It’s been a long day and that workout class you booked this morning when you were full of energy is looking real exhausting right about now.
We all have times when we feel like heading home instead of committing to the gym — especially this time of year when it’s cold and the sun sets long before many of us clock out. The excuses can quickly pile up against heading to the gym, and you may reason with yourself that if you do go, it won’t even be a good workout since your heart isn’t in it.
However, even though, deep down you probably already know, there is benefit in still heading to that workout when you’re not feeling it, says Aubrey Whitehorn, a physical trainer and fitness manager at Texas Health Fitness Center Dallas.*
“Something is always better than nothing,” she says. “Simply not going is a sense of giving up. But if you push yourself and find the willpower to go, you’ll be trying — and trying is the first step when overcoming a hurdle.”
Whitehorn adds that it’s not always about hitting your personal best every single time you work out.
“Even if you don’t perform at your best, you’ll be making a positive step towards your health,” she says. “You may even end up surprising yourself and performing better than expected, resulting in feeling accomplished and in a better mood.”
Asking Yourself Why
As we noted earlier, there are some times when the last thing you want to do is work out — which is totally acceptable — but Whitehorn insists that before you write it off, you should ask yourself why exactly you want to opt-out of your workout.
“If it’s evident that coming up with excuses is preventing you from reaching your goal, you must understand why you are creating those excuses, then ask yourself how you can get past it,” she says. “If we can rephrase some of the excusing thoughts such as, ‘I’m too tired’ or ‘I don’t have time’ and turn them around into something positive and encouraging, you’ll have a greater chance of breaking through that cycle.”
Some examples of re-phrasing those excuses, can be, “I’m tired but what counts is me showing up and putting in some kind of work”, or “working out is not a waste of my time, but being unhealthy and unfit will feel like a waste of my life.”
Honoring Your Body
That being said, Whitehorn acknowledges there are instances in which you should listen to your body and give it the rest it’s asking for. If you’re feeling rundown because you could possibly be getting sick, sitting out this workout can give you the rest and time your body needs to repair and recover.
“Giving the body time to recover, especially when starting to get sick, not only helps it regain the energy needed to fight off infection, but it will also be able to easily adapt to stress and even help prevent future injuries,” she says.
Another thing to keep in mind is that resting is a part of the recovery process essential to exercising. If you’ve been hitting the gym hard lately and haven’t really allowed yourself any time to rest, this may be your body’s way of letting know it needs some downtime.
“Our muscles and joints tend to progress when we are at rest,” Whitehorn explains. “When you allow your body to be at its best, it won’t have to make the extra efforts to focus on fighting off whatever sickness it has and can focus on the task at hand which would be the structured workout routine and its natural stress responses.”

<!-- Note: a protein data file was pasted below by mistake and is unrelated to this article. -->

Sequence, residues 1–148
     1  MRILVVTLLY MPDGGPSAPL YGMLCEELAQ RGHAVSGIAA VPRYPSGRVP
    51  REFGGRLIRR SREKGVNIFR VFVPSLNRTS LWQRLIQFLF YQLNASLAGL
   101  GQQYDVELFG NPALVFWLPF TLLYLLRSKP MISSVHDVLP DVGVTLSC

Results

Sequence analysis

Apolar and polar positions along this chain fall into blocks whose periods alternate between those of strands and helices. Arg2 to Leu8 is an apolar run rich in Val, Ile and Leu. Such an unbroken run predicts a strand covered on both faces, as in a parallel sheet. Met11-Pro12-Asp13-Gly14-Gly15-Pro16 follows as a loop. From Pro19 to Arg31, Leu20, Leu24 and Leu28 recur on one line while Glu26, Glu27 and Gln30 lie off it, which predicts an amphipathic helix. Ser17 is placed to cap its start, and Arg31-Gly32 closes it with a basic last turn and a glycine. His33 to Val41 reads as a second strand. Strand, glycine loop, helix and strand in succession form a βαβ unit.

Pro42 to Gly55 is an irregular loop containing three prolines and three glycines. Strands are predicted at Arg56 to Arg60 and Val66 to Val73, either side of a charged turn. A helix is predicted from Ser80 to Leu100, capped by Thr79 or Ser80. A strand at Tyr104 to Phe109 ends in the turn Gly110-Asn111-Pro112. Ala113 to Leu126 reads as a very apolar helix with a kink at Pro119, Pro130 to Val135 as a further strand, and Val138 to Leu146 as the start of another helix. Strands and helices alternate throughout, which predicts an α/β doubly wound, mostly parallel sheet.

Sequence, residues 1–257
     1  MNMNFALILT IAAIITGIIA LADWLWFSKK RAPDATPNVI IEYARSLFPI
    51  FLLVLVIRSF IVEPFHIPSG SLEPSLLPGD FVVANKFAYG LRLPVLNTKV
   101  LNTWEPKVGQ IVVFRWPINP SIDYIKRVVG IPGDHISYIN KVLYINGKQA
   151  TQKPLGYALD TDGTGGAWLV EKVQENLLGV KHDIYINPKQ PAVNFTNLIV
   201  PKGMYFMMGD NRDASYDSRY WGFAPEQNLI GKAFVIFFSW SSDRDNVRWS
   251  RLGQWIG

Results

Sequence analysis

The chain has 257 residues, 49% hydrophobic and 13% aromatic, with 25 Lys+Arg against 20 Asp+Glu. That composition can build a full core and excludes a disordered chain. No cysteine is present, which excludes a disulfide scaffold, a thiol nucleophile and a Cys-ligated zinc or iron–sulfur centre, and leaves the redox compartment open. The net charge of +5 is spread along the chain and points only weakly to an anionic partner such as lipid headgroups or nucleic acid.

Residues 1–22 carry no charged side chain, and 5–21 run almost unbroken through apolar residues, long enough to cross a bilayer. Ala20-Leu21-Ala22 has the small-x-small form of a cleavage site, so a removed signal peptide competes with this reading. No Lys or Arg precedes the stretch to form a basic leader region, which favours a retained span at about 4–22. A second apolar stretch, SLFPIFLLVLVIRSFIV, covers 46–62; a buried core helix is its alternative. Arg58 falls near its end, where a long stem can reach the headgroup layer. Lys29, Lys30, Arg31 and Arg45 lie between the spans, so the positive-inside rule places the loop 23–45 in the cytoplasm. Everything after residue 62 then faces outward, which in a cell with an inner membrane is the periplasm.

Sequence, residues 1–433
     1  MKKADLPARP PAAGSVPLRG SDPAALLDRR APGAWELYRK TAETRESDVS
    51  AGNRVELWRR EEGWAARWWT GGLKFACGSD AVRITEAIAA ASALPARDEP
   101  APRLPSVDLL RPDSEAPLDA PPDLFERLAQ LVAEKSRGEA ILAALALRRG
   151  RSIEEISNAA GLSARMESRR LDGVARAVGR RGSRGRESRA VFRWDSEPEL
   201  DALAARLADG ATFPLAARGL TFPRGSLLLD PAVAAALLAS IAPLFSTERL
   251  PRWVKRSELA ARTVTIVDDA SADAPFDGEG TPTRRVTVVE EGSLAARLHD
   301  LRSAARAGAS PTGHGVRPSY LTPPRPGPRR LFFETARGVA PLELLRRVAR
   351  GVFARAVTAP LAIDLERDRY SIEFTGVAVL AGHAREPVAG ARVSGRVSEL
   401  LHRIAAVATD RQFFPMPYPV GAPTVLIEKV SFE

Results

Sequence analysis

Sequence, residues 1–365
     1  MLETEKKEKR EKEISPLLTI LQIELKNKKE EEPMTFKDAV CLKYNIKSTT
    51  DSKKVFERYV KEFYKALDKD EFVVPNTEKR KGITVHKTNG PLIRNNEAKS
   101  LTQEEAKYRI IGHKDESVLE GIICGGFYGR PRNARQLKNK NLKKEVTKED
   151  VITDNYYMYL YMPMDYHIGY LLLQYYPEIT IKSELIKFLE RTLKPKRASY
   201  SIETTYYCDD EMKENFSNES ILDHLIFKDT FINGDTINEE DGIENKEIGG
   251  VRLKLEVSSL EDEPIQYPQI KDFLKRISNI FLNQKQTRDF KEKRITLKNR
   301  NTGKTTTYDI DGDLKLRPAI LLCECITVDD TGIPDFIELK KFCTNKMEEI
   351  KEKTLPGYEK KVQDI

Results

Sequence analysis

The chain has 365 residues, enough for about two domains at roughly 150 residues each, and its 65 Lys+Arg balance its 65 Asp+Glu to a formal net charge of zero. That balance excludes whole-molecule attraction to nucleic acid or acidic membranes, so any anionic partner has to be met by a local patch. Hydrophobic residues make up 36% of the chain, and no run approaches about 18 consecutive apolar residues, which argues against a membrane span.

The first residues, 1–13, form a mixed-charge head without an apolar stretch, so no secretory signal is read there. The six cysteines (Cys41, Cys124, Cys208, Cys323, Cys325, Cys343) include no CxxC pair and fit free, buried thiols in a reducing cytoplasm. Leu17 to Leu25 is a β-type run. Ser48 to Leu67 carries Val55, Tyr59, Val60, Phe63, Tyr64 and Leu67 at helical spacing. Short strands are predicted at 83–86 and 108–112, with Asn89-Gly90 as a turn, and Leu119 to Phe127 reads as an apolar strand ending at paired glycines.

Mind Over Matter
If you feel like that voice telling you you’re too tired to work out is more of a mind-over-matter-thing and less about your body telling you it needs some rest, Whitehorn says it may help to rethink your physical activity.
“There are many ways one can integrate some sort of movement into their day without explicitly labeling it a ‘workout,” Whitehorn says. “Some examples consist of going for a 30-minute walk when you get home from work, walking your dog an extra 20 minutes, or something as automatic as walking from point A to point B wherever you are. This might be just enough to get those endorphins flowing and make you feel good about still getting active.”
Taking a break from working out can be a necessary part of staying healthy and isn’t a bad thing. However, if you find yourself in a constant pattern of finding excuses to not work out, Whitehorn says you may need to dig a little deeper.
“Why do you feel you need to work out in the first place? Is it health related? Is it to help you feel better about yourself physically and/or mentally? What is your story behind it all and how does it make you feel,” she questions. “Exercise has so many benefits including burning more calories to help us lose weight (if needed), and improves daily activities such as doing chores, carrying groceries, or even getting out of bed.
“Working out gives us clarity, reduces stress, prevents pain, and aches, and improves our overall quality of life to allow us to spend more time with our families,” Whitehorn adds. “If you can find the reason behind it, you’ll be more inclined to do something about it. Even if you take small steps, that is a step toward the right direction resulting in a successful workout leaving you feeling accomplished and better about yourself, which is always a win.”
*FX Well is a managing entity for the Texas Health fitness centers.
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